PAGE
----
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U.N. postpones Libyan talks to give parties time to prepare
The United Nations has postponed until next week a new round of talks with Libyan politicians to try to end a crisis that has left the country with two rival governments and armed factions battling for power and oil wealth.
The U.N. envoy to the North African country said on Friday the talks had been delayed to next Thursday to give "time to all parties to prepare for the final stages" of the dialogue.
The goal of negotiations is to achieve a unity government and a lasting ceasefire, and put Libya's democratic transition back on track four years after the fall of Muammar Gaddafi. But both administrations face internal splits over the negotiations.
Delegates from the internationally recognized House of Representative were absent from the Moroccan costal town of Skhirat, where the talks had been planned for this week. That parliament had asked to postpone the talks.
"The HoR has decided to reinforce its team by adding new members and new advisers," the U.N. envoy to Libya, Bernardino Leon, told reporters. "I hope all the parties will return for the final stages of these talks next Thursday."
Delegates from the rival administration of an armed group that seized control of the capital Tripoli last August were present and held talks with Leon, a spokesman for the U.N. Support Mission in Libya (UNSMIL) said.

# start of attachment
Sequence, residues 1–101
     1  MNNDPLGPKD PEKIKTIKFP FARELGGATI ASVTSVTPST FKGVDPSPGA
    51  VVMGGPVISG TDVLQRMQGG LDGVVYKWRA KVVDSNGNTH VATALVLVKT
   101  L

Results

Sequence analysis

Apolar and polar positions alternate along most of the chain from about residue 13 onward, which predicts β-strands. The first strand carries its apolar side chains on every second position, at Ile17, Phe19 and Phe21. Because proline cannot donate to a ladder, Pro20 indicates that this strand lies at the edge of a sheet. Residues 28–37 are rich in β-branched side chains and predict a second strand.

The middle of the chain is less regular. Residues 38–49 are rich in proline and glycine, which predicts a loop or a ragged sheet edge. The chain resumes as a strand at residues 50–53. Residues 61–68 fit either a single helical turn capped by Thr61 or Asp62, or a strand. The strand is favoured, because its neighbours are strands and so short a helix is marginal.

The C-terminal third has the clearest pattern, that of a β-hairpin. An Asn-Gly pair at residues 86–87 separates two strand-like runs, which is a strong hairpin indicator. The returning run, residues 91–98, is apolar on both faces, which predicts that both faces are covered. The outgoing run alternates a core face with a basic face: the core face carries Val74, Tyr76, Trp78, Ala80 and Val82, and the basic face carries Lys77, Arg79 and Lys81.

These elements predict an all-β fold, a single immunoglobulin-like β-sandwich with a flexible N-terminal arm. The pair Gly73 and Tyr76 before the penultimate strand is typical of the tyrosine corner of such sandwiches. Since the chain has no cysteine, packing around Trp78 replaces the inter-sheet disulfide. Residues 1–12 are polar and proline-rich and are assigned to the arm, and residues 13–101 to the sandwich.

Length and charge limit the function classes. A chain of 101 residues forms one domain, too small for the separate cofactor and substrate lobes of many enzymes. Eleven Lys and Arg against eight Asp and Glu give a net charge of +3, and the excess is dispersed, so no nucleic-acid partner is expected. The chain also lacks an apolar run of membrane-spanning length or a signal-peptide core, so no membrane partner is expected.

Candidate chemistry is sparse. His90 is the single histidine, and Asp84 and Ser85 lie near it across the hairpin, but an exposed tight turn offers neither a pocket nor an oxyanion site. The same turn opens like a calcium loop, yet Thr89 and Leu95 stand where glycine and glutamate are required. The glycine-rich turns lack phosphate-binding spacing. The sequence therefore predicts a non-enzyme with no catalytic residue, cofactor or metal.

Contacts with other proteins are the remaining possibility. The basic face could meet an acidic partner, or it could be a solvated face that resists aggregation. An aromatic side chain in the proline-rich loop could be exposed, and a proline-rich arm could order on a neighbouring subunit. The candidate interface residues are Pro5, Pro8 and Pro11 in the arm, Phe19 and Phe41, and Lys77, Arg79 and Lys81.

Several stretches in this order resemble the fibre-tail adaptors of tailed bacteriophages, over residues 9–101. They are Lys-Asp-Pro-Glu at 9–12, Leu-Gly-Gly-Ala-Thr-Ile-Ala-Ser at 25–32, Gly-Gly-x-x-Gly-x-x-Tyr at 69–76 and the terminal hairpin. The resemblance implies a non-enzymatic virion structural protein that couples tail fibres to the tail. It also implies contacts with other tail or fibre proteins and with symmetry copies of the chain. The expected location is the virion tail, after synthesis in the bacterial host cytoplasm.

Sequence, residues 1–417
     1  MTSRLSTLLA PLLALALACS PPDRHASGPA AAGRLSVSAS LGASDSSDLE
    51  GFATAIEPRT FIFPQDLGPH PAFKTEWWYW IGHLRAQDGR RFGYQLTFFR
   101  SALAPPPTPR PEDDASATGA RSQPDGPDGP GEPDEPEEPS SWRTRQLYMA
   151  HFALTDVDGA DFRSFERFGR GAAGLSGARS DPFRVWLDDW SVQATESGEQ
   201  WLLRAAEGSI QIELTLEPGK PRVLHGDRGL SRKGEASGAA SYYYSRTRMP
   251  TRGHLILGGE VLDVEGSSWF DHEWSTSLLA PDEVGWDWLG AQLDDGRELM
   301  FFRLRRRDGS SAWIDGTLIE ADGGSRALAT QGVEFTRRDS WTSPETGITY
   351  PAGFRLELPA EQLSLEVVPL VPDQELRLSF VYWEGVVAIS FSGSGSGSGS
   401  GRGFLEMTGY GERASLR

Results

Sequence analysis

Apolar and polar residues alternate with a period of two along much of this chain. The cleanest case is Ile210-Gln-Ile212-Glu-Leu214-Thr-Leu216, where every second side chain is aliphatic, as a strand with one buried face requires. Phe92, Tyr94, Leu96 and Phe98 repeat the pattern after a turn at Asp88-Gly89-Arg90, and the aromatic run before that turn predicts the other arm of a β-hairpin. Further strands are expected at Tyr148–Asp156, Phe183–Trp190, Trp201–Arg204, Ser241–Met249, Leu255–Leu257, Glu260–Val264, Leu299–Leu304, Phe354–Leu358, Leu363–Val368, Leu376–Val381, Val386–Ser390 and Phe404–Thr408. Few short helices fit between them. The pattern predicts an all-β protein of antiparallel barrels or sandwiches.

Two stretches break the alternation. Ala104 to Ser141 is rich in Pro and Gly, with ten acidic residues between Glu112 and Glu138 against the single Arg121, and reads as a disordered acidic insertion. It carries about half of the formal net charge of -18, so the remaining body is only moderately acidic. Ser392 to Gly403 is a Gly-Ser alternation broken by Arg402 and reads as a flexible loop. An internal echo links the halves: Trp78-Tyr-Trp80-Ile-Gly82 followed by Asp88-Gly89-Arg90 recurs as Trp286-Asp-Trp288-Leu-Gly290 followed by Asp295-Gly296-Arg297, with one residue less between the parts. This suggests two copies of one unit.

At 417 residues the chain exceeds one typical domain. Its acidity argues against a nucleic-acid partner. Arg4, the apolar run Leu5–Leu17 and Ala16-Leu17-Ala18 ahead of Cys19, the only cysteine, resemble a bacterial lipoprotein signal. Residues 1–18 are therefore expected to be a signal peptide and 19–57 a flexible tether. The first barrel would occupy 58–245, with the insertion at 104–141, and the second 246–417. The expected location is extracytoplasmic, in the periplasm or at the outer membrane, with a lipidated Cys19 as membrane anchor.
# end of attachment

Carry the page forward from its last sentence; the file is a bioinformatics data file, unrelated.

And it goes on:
Western leaders support the U.N. talks as the only way to end the turmoil in Libya, where Islamist militants have gained ground in the chaos.
But in a sign of how far apart the sides remain, representatives of the Tripoli faction on Friday asked the United Nations for its official position on Khalifa Haftar, a former Gaddafi ally who has been named army chief for the internationally recognized government.
Haftar began a self-declared war on Islamist militants last year and has gathered support in the east. But his critics in Tripoli say he is a Gaddafi loyalist whose presence damages chances of a peace deal.
"We have asked the U.N. envoy for an official position on the appointment of a war criminal as the commander of the Libyan army," said Omar Hmeidan, a spokesman for Tripoli's parliament.
Leon said he had not read the request yet, and the "talks are not discussing that issue (Haftar's appointment)".
Friday's session was the second round of UNSMIL-sponsored consultations in Skhirat, after several rounds in Geneva and elsewhere.
[Source: By Aziz El Yaakoubi, Reuters, Skhirat, Mar, 13Mar15]
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